How Berberine’s Hypoglycemic Properties Can Help With Lowering & Managing Blood Sugar Levels

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When it comes to high blood sugar and pressure, it seems every day there’s a new treatment being touted for hypoglycemic properties. But one such herb — berberine — may have some real science to support its use in lowering blood sugar and ongoing management.

What Is Berberine?

Berberine is a compound that’s naturally found in plants like European barberry, goldenseal, and goldthread, according to MedlinePlus. And it’s nothing new — a study published in December 2014 in Biochemistry and Cell Biology notes berberine has been used in Chinese, Indian, and Middle Eastern folk medicine for at least four centuries.

In more recent years, the supplement has gained a foothold in the United States as an over-the-counter supplement. “It might be hitting the mainstream now, but the herb itself has been used for thousands of years,” says Robin Foroutan, RDN, a registered dietitian nutritionist specializing in integrative medicine, functional medicine, and holistic healing modalities with the Morrison Center in New York City. “It’s almost as though our research is catching up with something that ancient healers knew about for a long, long time.”

Proposed Health Benefits of Berberine

Research has shown berberine may help with high cholesterolhigh blood pressurepolycystic ovary syndrome (PCOS), and skin issues like burns and canker soresaccording to MedlinePlus. It’s also been shown to help people with high blood sugar because it appears to help reduce high blood sugar levels and regulate it, according to MedlinePlus. Researchers have found this effect, but aren’t exactly sure why it has these anti-diabetic properties, per the aforementioned study in Biochemistry and Cell Biology.

Research About Whether Berberine Can Help Reduce High Blood Sugar

Much of the research that’s been done on berberine has explored the effect it has on people with type 2 diabetes. Below are some of the studies and their findings.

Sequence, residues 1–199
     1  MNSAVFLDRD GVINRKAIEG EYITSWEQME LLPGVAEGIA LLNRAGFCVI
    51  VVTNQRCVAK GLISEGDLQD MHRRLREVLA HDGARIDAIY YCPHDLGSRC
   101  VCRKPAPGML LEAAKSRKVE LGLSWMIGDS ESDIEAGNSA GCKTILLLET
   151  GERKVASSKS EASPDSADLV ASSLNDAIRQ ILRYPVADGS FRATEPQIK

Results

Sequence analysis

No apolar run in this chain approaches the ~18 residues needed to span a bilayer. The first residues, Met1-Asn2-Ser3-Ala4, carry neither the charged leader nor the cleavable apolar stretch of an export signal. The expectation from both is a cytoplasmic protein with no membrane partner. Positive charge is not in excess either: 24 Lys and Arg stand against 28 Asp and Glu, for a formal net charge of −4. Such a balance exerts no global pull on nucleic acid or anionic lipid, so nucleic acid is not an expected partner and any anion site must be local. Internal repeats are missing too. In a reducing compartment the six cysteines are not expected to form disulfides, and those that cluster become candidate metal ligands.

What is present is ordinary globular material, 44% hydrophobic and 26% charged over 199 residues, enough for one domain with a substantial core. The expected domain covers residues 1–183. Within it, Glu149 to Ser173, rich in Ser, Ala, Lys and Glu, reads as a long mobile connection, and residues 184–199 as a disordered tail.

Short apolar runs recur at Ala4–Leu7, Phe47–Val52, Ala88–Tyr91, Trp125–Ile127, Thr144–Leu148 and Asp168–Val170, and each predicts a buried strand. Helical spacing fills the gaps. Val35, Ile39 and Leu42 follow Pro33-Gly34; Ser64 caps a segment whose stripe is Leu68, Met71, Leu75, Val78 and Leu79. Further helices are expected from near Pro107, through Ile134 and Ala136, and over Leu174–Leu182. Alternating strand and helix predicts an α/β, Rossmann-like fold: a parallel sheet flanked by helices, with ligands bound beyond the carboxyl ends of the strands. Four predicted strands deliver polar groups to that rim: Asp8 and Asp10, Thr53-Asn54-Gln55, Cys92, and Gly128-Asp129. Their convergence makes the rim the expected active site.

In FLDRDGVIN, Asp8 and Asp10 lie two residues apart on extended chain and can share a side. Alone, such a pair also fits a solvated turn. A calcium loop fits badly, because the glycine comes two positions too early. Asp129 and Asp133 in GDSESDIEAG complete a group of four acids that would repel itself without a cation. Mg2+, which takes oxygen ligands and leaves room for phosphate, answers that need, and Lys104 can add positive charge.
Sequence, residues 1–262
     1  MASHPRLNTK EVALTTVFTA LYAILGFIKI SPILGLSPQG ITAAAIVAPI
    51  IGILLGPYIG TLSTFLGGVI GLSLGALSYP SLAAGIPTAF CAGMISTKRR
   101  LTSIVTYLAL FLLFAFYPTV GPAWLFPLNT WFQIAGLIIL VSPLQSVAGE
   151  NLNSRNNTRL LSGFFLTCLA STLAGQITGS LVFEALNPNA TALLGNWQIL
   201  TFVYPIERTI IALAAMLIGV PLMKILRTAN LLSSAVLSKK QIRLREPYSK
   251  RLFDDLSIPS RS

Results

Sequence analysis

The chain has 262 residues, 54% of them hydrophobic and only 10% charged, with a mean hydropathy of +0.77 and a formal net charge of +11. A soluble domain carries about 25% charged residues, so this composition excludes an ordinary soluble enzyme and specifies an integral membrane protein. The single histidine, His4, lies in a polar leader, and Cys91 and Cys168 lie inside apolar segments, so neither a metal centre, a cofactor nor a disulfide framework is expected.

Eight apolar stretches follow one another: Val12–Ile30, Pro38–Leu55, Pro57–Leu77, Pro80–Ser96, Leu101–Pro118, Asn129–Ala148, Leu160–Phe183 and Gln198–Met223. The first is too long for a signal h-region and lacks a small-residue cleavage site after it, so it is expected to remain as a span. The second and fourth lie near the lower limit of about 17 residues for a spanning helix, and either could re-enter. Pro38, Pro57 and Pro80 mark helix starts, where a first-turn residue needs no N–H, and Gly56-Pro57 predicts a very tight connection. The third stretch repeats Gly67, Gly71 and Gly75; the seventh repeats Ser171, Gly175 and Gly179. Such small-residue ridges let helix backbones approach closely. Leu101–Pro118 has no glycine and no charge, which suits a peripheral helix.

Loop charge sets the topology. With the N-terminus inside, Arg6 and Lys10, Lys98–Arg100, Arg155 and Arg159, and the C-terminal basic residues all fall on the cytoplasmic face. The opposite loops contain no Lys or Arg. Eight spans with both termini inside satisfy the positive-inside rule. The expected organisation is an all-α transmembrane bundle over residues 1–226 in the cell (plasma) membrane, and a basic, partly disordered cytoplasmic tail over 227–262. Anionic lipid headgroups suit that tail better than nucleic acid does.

Can Help Lower Blood Sugar

The Biochemistry and Cell Biology study notes that not only does berberine have antioxidant and anti-inflammatory properties, but it may also help reduce insulin resistance, which is the hallmark of type 2 diabetes. The researchers note that it appears taking berberine on its own or as an add-on therapy to other diabetes treatments may be beneficial. The researchers concluded that berberine may be a good treatment option to try before insulin therapy (under a doctor’s supervision, of course) and may offer better results than metformin, which is generally the first-line treatment for type 2 diabetes.

Could Reduce A1C

About a decade ago, a study published in Metabolism found that berberine not only lowered blood glucose levels, but it also lowered levels of hemoglobin A1C, triglycerides, and insulin in people with type 2 diabetes. A1C is a two- to three-month average of blood sugar levels and a test used to diagnose diabetes, according to the American Diabetes Association.

Has the Potential to Improve Fasting and Postprandial Glucose

Berberine may reduce fasting and postprandial, or post-meal, glucose levels by more than 30 percent, according to a one study. These are other markers for blood glucose control.

A Bonus Benefit: Affordability

A study published in February 2015 in the Journal of Ethnopharmacology notes that berberine is usually inexpensive, which could make it an attractive option for diabetes patients in low-income areas.

Science-Backed Benefits of Berberine for Blood Sugar Management

“Nobody just wakes up one day with diabetes — it’s a slow process,” Foroutan says. “People can start to take action when their hemoglobin [A1C] levels are starting to approach the prediabetes range.” According to the Mayo Clinic, hemoglobin is a protein in your red blood cells that transports oxygen, and A1C measures how much of your hemoglobin is covered in sugar (glycated hemoglobin).

study on rats found berberine may help protect against diabetes because it can increase insulin expression, regenerate B cells (which lose function as diabetes progresses), provides antioxidant properties, and decreases lipid peroxidation, which is a marker for oxidative stress. Oxidative stress is linked to cell damage and various chronic health conditions, notes past research. This study on berberine was also done on rats, and this protective factor hasn’t been studied well among humans.


No, You Don’t Have To Eat The Actual Plant To Get The Benefits

Innovative companies like Nootropics Depot have extracted the most potent parts of Berberine and put into a convenient powder you can take with your meals. They’re currently expediting shipping so if you’re looking for something to help manage your blood sugar levels check them out.

*More information on Berberine clinical trials found here:

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